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In the 1300s, rebellions flared on the east part of Jutland island due to increased taxes. In order to protect himself from the nobility’s and peasants’ rage, the Danish king, Erik VI, built the famous Kalø Castle in the south of Djursland, close to Aarhus. However, it didn’t stay the impregnable fortress it was supposed to be for long. Approximately seven years later, in 1320, part of it was torn down by another king, who was forced to do so by the Danish people. A century later the medieval tower was used as the state prison and in the 1800s it was declared protected.
For seven centuries, thousands of guests have visited the historical building, but now they can explore it in a new way. MAP Architects has re-designed the entrance, access and viewing tower inside Denmark’s medieval castle. For the first time, history lovers can actually go into the ruins and get a closer view of the ancient layers of the construction. It is said that most of the parts that comprised the fortress were built by hand. So, a closer look at this remarkable work of the 14th century will definitely travel you back in time and show you its intriguing history.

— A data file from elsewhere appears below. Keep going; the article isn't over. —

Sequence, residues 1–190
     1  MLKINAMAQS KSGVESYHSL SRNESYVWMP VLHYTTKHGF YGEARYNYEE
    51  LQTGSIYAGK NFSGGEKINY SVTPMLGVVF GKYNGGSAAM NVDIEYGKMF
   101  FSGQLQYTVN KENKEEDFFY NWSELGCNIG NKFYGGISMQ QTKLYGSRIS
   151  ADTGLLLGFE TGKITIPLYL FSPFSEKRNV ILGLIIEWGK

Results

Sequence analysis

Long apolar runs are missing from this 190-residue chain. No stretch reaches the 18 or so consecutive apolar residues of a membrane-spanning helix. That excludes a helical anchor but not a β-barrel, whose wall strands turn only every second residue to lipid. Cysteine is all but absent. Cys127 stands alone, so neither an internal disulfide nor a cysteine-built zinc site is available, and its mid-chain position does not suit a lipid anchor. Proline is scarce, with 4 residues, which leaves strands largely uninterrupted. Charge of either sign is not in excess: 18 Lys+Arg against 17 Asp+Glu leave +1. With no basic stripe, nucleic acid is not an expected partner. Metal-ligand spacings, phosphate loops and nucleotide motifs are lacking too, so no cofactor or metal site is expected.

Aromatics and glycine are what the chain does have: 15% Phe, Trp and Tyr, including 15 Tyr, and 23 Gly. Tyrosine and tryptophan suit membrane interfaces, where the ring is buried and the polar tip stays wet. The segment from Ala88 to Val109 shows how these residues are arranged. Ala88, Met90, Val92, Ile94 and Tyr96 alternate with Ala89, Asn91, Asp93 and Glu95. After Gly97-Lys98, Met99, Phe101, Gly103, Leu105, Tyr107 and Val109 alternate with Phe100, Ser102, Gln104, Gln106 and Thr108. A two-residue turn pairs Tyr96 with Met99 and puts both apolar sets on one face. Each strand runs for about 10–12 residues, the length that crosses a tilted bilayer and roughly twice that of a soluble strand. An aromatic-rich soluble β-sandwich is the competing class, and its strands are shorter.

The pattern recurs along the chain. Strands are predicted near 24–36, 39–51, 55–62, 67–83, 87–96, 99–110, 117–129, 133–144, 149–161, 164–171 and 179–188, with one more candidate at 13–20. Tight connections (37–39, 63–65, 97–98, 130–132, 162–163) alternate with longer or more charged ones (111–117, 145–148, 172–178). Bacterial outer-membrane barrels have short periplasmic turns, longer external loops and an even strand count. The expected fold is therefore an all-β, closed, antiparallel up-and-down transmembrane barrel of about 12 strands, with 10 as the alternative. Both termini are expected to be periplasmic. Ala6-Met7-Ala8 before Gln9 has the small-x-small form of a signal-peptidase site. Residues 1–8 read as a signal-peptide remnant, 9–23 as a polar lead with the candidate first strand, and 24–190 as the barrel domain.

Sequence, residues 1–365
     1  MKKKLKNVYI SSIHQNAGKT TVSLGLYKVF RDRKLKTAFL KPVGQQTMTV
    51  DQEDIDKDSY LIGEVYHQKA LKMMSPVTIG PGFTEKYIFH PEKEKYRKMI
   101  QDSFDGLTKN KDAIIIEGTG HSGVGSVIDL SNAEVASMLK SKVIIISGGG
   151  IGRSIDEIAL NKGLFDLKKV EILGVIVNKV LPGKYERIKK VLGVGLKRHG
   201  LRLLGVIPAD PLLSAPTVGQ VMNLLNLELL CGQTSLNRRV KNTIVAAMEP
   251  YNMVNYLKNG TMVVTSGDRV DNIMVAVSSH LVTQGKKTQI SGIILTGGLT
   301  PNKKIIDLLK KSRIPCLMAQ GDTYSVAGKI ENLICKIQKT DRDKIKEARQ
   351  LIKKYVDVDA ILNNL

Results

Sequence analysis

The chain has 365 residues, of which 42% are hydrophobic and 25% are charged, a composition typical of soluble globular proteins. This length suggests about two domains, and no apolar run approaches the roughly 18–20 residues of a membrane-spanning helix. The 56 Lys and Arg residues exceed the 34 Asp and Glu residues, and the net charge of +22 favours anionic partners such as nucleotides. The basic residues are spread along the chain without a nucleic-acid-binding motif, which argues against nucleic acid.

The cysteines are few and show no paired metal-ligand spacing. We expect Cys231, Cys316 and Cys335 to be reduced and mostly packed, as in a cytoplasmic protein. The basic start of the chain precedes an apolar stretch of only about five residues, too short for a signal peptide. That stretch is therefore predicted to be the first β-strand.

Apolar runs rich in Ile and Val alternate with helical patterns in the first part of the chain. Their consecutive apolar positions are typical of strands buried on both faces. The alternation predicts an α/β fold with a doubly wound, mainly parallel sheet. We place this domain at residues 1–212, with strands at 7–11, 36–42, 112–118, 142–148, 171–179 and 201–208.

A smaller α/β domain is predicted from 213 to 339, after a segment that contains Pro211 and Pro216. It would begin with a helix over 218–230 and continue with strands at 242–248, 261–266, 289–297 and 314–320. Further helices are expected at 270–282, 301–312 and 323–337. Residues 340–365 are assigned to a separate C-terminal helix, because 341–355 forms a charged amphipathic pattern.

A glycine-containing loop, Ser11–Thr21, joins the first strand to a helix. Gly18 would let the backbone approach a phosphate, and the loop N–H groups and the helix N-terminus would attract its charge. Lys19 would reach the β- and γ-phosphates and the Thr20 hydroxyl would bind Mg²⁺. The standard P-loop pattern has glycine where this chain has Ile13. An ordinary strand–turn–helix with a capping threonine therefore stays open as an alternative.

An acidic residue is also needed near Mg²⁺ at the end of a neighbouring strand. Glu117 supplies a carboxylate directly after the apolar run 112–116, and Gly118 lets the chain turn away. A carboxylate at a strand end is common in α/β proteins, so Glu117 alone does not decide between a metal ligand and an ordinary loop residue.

According to MAP Architects, the stairs are supported in four points. And, given the delicate nature of the tower, 3D scanning was used to design the stairs as this was all the historic ruin could allow without causing damage.
The monument has not been affected at all from the construction, while the stairs are removable and can be taken down without leaving a mark to the historic castle.
Visitors can climb up the specially designed stairs and enjoy the same breathtaking landscape Danish kings were viewing 700 years ago.